AM ET

Posted by ESPN.com's Adam Rittenberg

A great weekend of Big Ten games is on tap, and not just the big one at the L.A. Coliseum (ABC, 8 p.m. ET). I expect all of you to gain a few pounds sitting on your couches throughout Saturday and into Sunday morning. Anything less will be unacceptable. I get a rare Friday night at home -- fiancee is happy -- before hitting the road early Saturday to watch Purdue and No. 16 Oregon go at it (ABC, 3:30 p.m. ET).

A quick disclaimer about this post because I've gotten a lot of nasty e-mails. These are the best 10 things to watch on a given Saturday, not the best thing to watch for each team. There often will be two items for a marquee game -- like the one in L.A. -- and multiple teams won't make the rundown, especially those playing weak competition. That's how it works.

Here are 10 things you don't want to miss:

1. Beanie watch ends: Ohio State running back Chris "Beanie" Wells is listed as doubtful for the matchup against top-ranked USC, but nothing will be settled until kickoff. Coach Jim Tressel doesn't want to risk further injury to Wells in September, but if the Heisman Trophy candidate can contribute, the Buckeyes will use him. If not, get ready for a guy (Dan Herron) nicknamed "Boom." Unfortunately, that's also the sound Rey Maualuga makes when he connects with ball carriers.

2. Pryor restraint: Buckeyes freshman quarterback Terrelle Pryor will play a role against the Trojans. How significant a role largely depends on Beanie Wells' availability. If the offense stalls like it did last week without Wells, Pryor could get extended time in an effort to throw off the USC defense. The 6-foot-6, 235-pound freshman is a special talent, but can he handle the spotlight of such a marquee game?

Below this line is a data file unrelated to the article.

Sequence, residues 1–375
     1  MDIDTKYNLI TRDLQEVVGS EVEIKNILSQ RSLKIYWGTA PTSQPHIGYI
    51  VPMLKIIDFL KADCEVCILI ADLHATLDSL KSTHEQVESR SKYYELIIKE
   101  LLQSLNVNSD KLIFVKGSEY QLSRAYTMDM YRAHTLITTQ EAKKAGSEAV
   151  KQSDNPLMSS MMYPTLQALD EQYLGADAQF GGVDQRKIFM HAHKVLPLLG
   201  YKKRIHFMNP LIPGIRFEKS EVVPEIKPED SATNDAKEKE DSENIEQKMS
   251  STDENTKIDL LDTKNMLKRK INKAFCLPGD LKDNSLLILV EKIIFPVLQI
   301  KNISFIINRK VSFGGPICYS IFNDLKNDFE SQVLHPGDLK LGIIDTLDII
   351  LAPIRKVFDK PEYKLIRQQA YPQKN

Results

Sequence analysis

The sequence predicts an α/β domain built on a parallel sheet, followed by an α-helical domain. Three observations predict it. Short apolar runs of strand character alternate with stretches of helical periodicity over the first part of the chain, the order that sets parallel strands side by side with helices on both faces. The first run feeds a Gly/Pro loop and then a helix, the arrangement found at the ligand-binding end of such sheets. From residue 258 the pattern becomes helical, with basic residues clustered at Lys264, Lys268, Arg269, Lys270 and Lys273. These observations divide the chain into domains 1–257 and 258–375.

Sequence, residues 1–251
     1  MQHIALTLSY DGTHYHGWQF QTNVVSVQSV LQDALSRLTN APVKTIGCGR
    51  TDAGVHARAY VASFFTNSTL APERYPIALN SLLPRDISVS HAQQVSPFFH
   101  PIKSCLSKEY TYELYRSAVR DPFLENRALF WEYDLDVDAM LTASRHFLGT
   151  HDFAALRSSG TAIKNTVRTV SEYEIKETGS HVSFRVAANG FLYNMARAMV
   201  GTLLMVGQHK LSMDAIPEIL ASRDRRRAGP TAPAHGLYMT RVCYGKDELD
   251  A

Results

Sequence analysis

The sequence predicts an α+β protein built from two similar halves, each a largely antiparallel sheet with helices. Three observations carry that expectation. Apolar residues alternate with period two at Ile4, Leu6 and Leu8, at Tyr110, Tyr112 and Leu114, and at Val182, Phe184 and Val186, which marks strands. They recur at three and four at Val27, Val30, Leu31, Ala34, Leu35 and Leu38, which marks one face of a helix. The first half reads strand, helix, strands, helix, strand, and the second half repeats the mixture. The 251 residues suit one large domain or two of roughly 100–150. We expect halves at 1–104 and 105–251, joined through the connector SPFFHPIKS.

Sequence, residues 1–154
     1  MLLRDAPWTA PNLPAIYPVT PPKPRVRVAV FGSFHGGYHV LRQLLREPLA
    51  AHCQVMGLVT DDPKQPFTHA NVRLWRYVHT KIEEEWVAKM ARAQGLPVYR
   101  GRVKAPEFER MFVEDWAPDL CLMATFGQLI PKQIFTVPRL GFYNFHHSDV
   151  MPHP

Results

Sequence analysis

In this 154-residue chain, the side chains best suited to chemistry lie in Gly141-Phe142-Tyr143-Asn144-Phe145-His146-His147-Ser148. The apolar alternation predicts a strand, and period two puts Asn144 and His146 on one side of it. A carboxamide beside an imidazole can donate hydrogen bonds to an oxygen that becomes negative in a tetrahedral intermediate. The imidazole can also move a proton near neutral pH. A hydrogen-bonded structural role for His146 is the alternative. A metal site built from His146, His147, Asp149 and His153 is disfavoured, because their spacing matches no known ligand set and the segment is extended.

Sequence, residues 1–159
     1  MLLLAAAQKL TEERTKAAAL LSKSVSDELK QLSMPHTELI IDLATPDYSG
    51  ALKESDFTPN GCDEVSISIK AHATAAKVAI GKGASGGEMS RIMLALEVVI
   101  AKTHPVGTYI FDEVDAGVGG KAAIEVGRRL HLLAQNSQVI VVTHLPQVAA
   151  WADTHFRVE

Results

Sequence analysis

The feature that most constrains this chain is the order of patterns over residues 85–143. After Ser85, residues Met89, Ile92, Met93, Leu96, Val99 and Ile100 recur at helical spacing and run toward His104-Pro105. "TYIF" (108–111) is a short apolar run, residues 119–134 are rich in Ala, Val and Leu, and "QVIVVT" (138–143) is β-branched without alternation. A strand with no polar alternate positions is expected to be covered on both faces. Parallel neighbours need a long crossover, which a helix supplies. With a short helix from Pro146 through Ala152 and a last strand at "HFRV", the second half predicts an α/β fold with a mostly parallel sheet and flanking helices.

3. Badgers hit the road: Wisconsin has survived slow starts against inferior opposition, but it can't afford to drag against Fresno State. Keep your eyes on Badgers quarterback Allan Evridge, who makes his first road start since 2005. Coach Bret Bielema gets two big pieces -- tight end Travis Beckum and linebacker Jonathan Casillas -- back on the field following injuries, but both players could be a bit rusty.

4. 'Hell' with the victors: Michigan players saw Charlie Weis' words around their training room this week. The Wolverines head to South Bend hoping to hand Weis and Notre Dame a third humiliating loss in the last three years. Quarterback Steven Threet gets the start and needs to show greater consistency, but he'll get help from a veteran defensive line that swarmed Jimmy Clausen last year.

5. Track meet at Ross-Ade -- Purdue has marveled at Oregon's team speed all week, and the Boilers have to find a way to keep pace Saturday afternoon. This will be the first of several defining games for Purdue senior quarterback Curtis Painter, who will set plenty of records but needs signature wins to complete his resume. The Boilermakers' back seven has improved but will play without speedy linebacker Jason Werner. Oregon's Jeremiah Johnson could capitalize.

6. Backer bonanza: NFL scouts will be drooling as arguably the nation's best linebacker tandems take the field at the L.A. Coliseum. Ohio State's James Laurinaitis and Marcus Freeman hope to continue their takeaway trend against Mark Sanchez, while the "scary" Maualuga and Brian Cushing bring the pain to the Buckeyes offense.

7. State pride on the line: This is more than a rivalry game for Iowa. Iowa State provides the first significant test for the Hawkeyes, who have looked dominant against shoddy competition. Sophomore quarterback Ricky Stanzi has a grasp on the starting job and the support of Iowa fans, but he'll need to continue to make progress against the Cyclones. The home team has won the last four Cy-Hawk trophies, a good sign for Iowa.